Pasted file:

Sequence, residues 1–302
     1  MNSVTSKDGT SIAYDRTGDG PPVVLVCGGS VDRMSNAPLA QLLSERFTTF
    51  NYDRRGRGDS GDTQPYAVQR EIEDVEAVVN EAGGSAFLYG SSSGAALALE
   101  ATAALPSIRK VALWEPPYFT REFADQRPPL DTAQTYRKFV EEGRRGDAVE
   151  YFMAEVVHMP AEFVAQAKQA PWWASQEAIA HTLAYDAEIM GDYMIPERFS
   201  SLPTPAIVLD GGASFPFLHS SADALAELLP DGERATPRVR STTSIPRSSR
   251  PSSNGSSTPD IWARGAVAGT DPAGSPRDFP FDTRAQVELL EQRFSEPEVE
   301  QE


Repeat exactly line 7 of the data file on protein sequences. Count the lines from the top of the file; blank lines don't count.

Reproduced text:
   251  PSSNGSSTPD IWARGAVAGT DPAGSPRDFP FDTRAQVELL EQRFSEPEVE